MacIver News Service
Republican lawmakers in Wisconsin unveiled a package of bills recently they say will help solve Wisconsin’s labor crisis.
The “Stronger Workforce Initiative” includes 7 bills to help businesses find workers and prevent people from taking advantage of unemployment benefits. Those bills would:
- Tie the duration of unemployment benefits to the unemployment rate
- Deny unemployment benefits to recipients who don’t show up to scheduled job interviews
- Require able-bodied FoodShare recipients to look for work
- Changes the mission of the Unemployment Insurance Program to “Reemployment Assistance.”
- Denies Medical Assistance to recipients who refuse work
- Improve operating procedures throughout the Unemployment Insurance Program to address the backlog processing problems from 2020
- Implement regular eligibility checks for government assistance programs
“These bills today will bring common sense and accountability to these programs to make sure they’re focused on helping people find work, protecting the funds that are there for those that need them, when they need them,” Rep. Warren Petryk (R – Town of Washington) said.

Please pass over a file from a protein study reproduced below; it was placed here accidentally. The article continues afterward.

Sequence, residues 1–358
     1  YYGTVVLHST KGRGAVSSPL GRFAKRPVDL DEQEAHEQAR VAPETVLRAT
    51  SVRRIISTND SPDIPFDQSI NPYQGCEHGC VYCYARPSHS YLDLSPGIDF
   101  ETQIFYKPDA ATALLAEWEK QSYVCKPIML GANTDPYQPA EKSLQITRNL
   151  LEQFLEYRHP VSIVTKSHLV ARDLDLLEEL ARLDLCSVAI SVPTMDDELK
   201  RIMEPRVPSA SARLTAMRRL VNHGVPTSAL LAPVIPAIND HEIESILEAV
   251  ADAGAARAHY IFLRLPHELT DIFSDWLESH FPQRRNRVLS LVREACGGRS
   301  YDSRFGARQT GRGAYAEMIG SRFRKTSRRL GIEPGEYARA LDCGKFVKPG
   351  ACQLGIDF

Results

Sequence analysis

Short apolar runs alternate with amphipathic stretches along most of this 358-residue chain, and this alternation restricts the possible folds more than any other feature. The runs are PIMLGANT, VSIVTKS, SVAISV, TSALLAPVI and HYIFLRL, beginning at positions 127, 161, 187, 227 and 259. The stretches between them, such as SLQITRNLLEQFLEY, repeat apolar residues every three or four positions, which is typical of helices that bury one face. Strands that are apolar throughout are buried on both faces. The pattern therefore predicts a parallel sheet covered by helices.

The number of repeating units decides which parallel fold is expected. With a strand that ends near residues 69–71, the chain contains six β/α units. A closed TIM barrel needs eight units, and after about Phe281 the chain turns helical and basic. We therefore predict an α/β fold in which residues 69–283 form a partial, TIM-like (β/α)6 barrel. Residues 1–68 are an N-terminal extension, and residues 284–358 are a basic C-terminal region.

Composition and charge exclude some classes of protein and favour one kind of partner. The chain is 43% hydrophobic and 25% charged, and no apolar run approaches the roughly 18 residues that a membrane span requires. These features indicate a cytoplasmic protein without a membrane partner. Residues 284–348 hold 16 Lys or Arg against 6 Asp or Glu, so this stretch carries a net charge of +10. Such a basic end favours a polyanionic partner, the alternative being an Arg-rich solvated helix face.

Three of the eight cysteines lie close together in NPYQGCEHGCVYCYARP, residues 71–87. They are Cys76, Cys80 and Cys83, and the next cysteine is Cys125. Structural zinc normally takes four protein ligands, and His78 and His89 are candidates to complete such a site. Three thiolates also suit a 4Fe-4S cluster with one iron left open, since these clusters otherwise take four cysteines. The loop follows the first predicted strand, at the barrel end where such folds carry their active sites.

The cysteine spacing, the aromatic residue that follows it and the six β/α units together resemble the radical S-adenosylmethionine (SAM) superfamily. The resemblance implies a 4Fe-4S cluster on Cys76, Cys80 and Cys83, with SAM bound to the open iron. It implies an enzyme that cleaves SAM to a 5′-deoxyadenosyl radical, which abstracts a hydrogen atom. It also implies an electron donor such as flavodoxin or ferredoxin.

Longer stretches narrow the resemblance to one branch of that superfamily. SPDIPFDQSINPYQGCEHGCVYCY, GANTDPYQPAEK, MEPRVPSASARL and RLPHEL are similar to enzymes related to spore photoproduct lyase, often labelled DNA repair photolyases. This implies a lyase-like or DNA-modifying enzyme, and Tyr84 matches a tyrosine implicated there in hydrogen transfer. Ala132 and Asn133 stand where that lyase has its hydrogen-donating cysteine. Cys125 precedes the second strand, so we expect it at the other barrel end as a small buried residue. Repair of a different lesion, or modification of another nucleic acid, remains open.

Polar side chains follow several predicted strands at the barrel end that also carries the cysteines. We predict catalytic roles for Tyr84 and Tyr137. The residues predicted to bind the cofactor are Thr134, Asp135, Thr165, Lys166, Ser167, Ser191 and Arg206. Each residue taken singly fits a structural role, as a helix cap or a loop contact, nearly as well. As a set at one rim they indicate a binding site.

“The more people who are on these programs who don’t truly need them, the more these programs are stressed and the less funding that is available to help the truly needy,” Rep. Tyler August (R-Lake Geneva) said.
Right now, the unemployment rate in Wisconsin is currently around 3%. In April 2020, it peaked at 14.8%.
The labor force participation rate is 66.4%. It bottomed out at 65.5% a year ago. It peaked in the mid-1990s at 74.5% and has been trending downward ever since. The labor force participation rate tracks the number of individuals who have dropped out of the workforce. “When a person isn’t looking for a job, for whatever reason, they do not get labeled as unemployed.”
If we have a higher labor force participation rate, we have a stronger economy with more people actually working. With a labor participation rate of 66.4%, that means 33.6% of working-age Wisconsinites who could be working are not working or looking for work. The vast majority of that 33% non-working group are surviving on some sort of government assistance.
“One of the big concerns I hear from small businesses and constituents in my district is that they can’t find workers to fill positions and people are gaming the unemployment system,” said Rep. Tyler Vorpagel (R-Plymouth). “Unemployment benefits are meant to help people who’ve fallen on hard times get back on their feet as they find a new job.”
“With the unemployment rate that we currently have and the economy that we’re in, people don’t need half of a year to be finding a job,” said Rep. Alex Dallman (R-Green Lake).
Earlier this year, Rep. Mark Born joined the MacIver Newsmakers Podcast to discuss the labor crisis and policy changes enacted by the Biden and Evers administrations that lower our labor participation rate.
The bills are circulating for co-sponsorship. Leadership plans to vote on the package on the Assembly and Senate floors by the end of next month.